Did you take the wrong job recently? Not sure how to know if you took the wrong job? I recently had a prospect start a new position a few months ago and feels now that he took the wrong job. It is such a bummer, since he said he was so excited to start. Yet over the past few months it is revealing itself that is it just not the right job for him and it is a bad fit between him and the company. In this market, I know some people would say, “Be grateful and stick it out.” But I do not necessarily believe that is the only course of action. How do you know you may have taken the wrong job and what could you do about it?
(1) Admit it…You were blinded by the increase in pay...Let’s face it. The new employer offered you more than you were expecting and you were flying high on the increase in compensation. I have a rule that I have said to candidates for years when I recruited and now that I am a job search consultant: The novelty of increased pay will wear off after about three months. Period. End of story. It always does. Once you get used to the increased paycheck, the problems at the new job will start to become more apparent and the gratitude for the increased compensation dissipates.
(2) The hiring process went super-fast…I mean, ridiculously fast. So you thought, “Wow, they must really want me!” – and that feeling of being wanted may have clouded your judgment and prevented you from seeing red flags that you would have seen if it was a normally paced process. Frankly, the super fast hiring process can also be a problem for the employer. When an employer hires abnormally fast, they can fall in love with a candidate and dismiss small factors that, under normal circumstances, would demonstrate this hire may not be the best match. Now does that mean if a hiring process moves very fast, you should not take the job? Absolutely not! Just make sure your eyes are EXTRA WIDE open in proceeding through the interviews and ask a lot of questions during your discussions to be sure you and the employer are making the right choices.
(3) You were focused more on leaving where you were and not paying attention to where you were going. I remind so many people to keep their eyes open to where they are going, no matter how much the hate their job. If you are only focused on leaving your current job, you will miss all the cues that this next move you are considering is just as bad, for different reasons probably, than the place you are leaving. A bad time to evaluate your next job is when you are already there! Alas, you may have realized that this has happened to you.
(4) You are already bored at your new job. Everything that was promised to you in the interview courting phase is now showing signs of just not happening—yet you know they are happy with your performance. You have asked your manager to be clear on the responsibilities and taken initiative to contribute or lead new initiatives to no avail. However, this ache in your stomach that you are already underutilized is pretty persistent a few months into the role could be a sign that is was the wrong job.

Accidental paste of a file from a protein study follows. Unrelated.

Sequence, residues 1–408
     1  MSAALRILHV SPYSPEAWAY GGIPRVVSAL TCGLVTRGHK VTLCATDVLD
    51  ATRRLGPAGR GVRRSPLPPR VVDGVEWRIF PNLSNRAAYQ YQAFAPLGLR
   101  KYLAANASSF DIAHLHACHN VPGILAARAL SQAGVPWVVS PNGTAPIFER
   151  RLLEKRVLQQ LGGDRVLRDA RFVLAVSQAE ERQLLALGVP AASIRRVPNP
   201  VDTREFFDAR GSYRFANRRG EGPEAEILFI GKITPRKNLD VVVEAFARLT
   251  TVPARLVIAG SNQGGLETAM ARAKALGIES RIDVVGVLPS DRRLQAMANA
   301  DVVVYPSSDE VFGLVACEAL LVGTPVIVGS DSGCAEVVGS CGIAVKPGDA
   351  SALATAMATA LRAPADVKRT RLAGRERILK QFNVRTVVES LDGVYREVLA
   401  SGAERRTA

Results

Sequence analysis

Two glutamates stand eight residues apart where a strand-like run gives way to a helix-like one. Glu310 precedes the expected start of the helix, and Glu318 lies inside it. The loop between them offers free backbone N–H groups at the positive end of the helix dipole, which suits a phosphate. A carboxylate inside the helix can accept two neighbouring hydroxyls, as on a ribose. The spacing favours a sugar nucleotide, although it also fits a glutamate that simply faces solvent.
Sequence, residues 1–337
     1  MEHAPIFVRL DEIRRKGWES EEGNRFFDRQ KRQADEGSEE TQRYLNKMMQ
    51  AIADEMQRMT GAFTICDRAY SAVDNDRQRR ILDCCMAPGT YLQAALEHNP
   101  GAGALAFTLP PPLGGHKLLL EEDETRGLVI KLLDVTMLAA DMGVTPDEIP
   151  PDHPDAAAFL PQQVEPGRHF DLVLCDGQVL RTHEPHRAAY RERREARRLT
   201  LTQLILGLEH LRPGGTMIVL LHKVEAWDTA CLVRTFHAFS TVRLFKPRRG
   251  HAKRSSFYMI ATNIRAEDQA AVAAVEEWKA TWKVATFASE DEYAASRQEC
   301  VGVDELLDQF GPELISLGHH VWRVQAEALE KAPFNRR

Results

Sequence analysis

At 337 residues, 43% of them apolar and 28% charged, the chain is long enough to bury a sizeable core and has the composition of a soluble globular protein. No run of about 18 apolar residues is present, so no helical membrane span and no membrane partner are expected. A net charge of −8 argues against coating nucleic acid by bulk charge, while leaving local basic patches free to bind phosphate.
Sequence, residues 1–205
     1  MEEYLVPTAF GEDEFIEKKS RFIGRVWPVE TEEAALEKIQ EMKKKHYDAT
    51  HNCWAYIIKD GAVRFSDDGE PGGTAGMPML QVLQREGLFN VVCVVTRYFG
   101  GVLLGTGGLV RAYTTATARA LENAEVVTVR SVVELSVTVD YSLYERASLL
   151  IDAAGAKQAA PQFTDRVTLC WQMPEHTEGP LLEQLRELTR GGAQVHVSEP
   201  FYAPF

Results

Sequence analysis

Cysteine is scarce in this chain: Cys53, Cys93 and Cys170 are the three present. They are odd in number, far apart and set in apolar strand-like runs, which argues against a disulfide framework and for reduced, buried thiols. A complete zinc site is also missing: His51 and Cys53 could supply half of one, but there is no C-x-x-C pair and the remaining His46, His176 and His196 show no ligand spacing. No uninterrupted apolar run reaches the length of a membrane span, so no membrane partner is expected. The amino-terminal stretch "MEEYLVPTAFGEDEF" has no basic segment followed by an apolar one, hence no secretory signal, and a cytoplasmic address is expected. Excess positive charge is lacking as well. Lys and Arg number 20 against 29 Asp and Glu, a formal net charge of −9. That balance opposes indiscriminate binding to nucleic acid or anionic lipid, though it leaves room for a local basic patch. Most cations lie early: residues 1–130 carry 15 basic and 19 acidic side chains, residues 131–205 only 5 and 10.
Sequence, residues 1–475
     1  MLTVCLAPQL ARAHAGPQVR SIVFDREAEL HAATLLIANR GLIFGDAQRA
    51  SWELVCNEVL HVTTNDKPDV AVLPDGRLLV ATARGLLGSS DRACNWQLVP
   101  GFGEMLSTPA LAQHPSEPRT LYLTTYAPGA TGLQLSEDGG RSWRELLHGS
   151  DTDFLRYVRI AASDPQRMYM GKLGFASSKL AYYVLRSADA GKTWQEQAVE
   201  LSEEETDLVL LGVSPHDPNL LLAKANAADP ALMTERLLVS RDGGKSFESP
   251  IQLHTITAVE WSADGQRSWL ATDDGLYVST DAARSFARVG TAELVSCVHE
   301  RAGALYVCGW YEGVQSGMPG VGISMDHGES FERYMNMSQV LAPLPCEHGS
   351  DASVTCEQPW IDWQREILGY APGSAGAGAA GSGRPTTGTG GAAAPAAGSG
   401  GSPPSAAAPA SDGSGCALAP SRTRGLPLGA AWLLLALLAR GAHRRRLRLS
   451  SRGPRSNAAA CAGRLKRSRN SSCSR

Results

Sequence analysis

(5) You are finding you disagree with a majority of the fundamental directions and/or decisions made by the executive team. You simply see that your beliefs about how business should be conducted are not in alignment with theirs. This is a heartbreaking reason to leave, especially when on the outside it can seem like a really great job. You have to evaluate how to best approach this exit.
(6) The team with whom you are working with are causing you major strife and are beyond difficult to work with, no matter how hard you try. Chalk it up to bad chemistry or poor communication synergies, but it is just not working for you and your productivity and sanity are suffering.
So what do you do now? Here are 4 actions you can take to start evaluating if you will make an immediate move or a move further on down the road--and be sane and happy in the process:
(1) Set time aside and prioritize what you want in a new role. Look at where you may have veered wrong in this process and view it as a learning experience not to repeat again.
(2) Put confidential feelers out to your network that you are selectively seeking a new role. Keep those contacts alive!
(3) Hopefully, if you are not in your job long, you can continue interview processes elsewhere that were in progress. However, if it has been a few months, then go back to prospective employers where you had interviews and there was interest and approach them on an exploratory basis as to what roles may be suitable and available at the prospective company.
(4) Take the high road where you are currently working—no matter what. No matter how bad a fit it is, know that you had a part in that decision. So own your part and continue to do the best job you can. First, you will need a reference from this current employer. Secondly, you cannot interview for your next position from a place of anger and ill-will. If you are doing wrong, you will be putting yourself in the position of possibly lying on an interview about your efforts at your current role. Keep your side of the street clean and honest to ensure you interview from your best place within yourself.
If this has happened to you, I would love if you can share below how you bounced back and ultimately found the job that was better suited to you. What other wisdom can you share?
Lisa Rangel and the Chameleon Resumes team have helped over 6,000 executives and senior professionals land the 6-figure positions they deserve.
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